• Give Objects Meaningful Names. This includes schema, columns, rows, relations between columns and rows, and whole databases. Use descriptive names if possible. If code names are necessary, make sure key stakeholders have a way of deciphering the code.

  • Use Separate Usernames for Each Credentialed User. Don’t allow sharing of usernames. Changes in the database need to be attributable to the source of the change for the data to have integrity.

  • Establish and Follow a System for Granting Database Privileges. Tier privileged credentials by seniority, longevity, proven trustworthiness, or whatever criteria you choose to determine which users can be trusted with which privileges. 

  • Limit Who Gets Supervisor Privileges. Even if it can seem more convenient to grant a junior employee supervisor privileges, the risk of abuse of supervisor privileges is not to be taken lightly. 

3. Environmental Monitoring

Because humans don’t have to live there, “occupancy standards” of warehouses are not as strict as they are in homes. However, that doesn’t mean that the merchandise stored in them is any less sensitive to extremes or changes in temperature, pressure, or humidity. Whole inventories can be ruined by failure to monitor environmental conditions.

Especially when storing sensitive merchandise like pharmaceuticals or food items, warehouse owners and managers must pay keen attention to environmental monitoring. Best practices for environmental monitoring include:

  • Thermal Mapping. Especially in large warehouses or facilities, conditions can vary wildly from one corner of the facility to the next—or, in extreme climate zones, from one season to the next.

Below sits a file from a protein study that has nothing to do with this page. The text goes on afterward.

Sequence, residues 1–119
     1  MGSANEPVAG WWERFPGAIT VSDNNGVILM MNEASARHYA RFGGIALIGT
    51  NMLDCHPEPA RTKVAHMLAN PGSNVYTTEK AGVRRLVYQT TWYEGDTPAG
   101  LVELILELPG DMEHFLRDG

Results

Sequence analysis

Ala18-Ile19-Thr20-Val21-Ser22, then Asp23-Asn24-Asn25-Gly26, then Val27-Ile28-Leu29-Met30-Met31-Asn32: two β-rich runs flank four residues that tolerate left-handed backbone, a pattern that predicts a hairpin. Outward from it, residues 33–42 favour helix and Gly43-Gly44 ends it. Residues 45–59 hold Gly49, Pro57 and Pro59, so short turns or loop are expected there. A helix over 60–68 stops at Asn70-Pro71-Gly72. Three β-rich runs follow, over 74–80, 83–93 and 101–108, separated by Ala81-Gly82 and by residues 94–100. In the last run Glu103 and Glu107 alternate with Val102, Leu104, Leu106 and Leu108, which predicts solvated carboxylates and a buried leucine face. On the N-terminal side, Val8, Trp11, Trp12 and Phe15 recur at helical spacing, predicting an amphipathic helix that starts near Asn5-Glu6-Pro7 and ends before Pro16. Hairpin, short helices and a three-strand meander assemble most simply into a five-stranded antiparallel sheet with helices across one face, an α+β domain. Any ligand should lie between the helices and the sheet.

Warehouses that store temperature-sensitive materials should execute a program of “thermal mapping,” which takes readings of the temperature at strategic positions within the facility—near exits, in the corners, at floor level, at roof level, etc.—and at strategic times of year—deep winter, dead of summer, etc.

Effective thermal mapping can tell warehouse managers what parts of the warehouse tend to be hotter or colder than others and at what times of year, allowing them to customize and optimize their storage plan, as well as their HVAC calibration.

  • Installation of Cloud-Enabled Data Loggers. Particularly in regulated industries like pharma and food production, a thorough system of monitoring conditions with data loggers from experts like Dickson is an important part of warehouse management.

Digital data loggers use a sensor--a thermometer, pressure sensor, or barometer--to measure the ambient conditions around the device. A microprocessor interprets the measurement, and imprints the measurement on a built-in data stick. Data loggers offer automation, as well as greater data integrity than hand-recorded measurements.

Even more effective are wireless-enabled data loggers that upload data directly to cloud storage, where it can be interpreted by software and automatically collated into reports that the warehouse manager can submit to regulatory agencies to verify compliant conditions.


Warehouses are not decreasing in importance. With the boom in eCommerce retail and last-mile storage value, effective warehouses will be more in demand, not less. Implementing these best practices of warehouse monitoring will help warehouse owners and managers safeguard the prosperity of their essential business.